Pressure coefficient

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Physical key figure
Surname Pressure coefficient,
pressure coefficient
Formula symbol
dimension dimensionless
Pressure of the inflow
Flow velocity
scope of application viscous currents

The pressure coefficient , often also referred to as the pressure coefficient , is a dimensionless quantity from aerodynamics that is often used in the design and analysis of wings , but also in other areas of aerodynamics, e.g. B. with internal currents.

He will u. a. used to describe or graph the pressure distribution on the wing of aircraft ; The pressure distribution means the pressure on all points on the entire surface of the wing.

In relation to a certain point, the pressure coefficient represents the ratio of static pressure to dynamic pressure .

The pressure coefficient at the end of a body that flows through (e.g. a valve ) is called the pressure loss coefficient .


The pressure coefficient is defined as follows:

Assuming an incompressible flow ( Ma  <0.3) also applies:

Here are:

  • = the static pressure measured at a given point
  • = the static pressure in the inflow
  • = the density of the surrounding medium (e.g. air )
  • = Amount of the local speed of the surrounding medium (e.g. air); instead of is often also used or for the velocity component in the x direction.
  • = the flow velocity of the surrounding medium (analogous are also and common)


The denominator of the fraction represents the back pressure is (or dynamic pressure) of the free inflow, therefore, 1 is the highest value that the pressure coefficient can be reached in an incompressible flow around rigid body and without energy supply (in stagnation point ).

The sign of the derivation of the pressure according to the length of the run indicates whether the flow is accelerated or decelerated compared to the inflow:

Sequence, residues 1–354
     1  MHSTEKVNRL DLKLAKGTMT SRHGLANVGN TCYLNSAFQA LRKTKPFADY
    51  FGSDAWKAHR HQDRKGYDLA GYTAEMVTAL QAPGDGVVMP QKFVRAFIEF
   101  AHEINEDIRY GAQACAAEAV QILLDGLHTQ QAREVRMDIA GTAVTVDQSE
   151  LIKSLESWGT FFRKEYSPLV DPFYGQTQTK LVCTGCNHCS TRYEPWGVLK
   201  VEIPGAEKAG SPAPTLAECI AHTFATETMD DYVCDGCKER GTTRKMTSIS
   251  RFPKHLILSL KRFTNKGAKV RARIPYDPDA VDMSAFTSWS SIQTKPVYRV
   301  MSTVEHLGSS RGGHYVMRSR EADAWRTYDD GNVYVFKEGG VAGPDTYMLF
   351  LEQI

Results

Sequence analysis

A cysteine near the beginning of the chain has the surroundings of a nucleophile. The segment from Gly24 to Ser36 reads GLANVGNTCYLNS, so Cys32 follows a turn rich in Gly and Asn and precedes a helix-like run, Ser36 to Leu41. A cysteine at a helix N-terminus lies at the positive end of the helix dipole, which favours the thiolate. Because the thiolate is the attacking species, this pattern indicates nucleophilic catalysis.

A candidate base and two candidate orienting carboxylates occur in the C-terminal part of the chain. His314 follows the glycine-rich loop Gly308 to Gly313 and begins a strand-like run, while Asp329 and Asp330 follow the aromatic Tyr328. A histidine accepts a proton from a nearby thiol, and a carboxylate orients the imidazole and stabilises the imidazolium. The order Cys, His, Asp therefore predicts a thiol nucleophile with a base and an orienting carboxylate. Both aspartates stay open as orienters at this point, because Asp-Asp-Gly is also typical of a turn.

• negative signs mean pressure decrease (i.e. acceleration)
  • positive signs indicate pressure increase (i.e. areas where the flow is decelerated or at friction-prone flow detaches ).

By relating the coefficient to the dynamic pressure, the distribution of the pressure coefficient around a body does not change if the speed, density or static pressure of the inflow change, because then all the individual values ​​of the coefficient distributed around the body change in the same or similar way . The distribution also applies to all geometrically similar bodies. The actual pressures can therefore be calculated for a large range of flight speeds and altitudes from the pressure distribution around a wing profile .

Strictly speaking, these relationships only apply in a smooth, incompressible flow, but can often be used as a sufficient approximation in the general case. They do not apply to: Positions behind collisions, in the boundary layer , in flows with detachments and in flows with a variable position of the transition point between laminar and turbulent boundary layer.

See also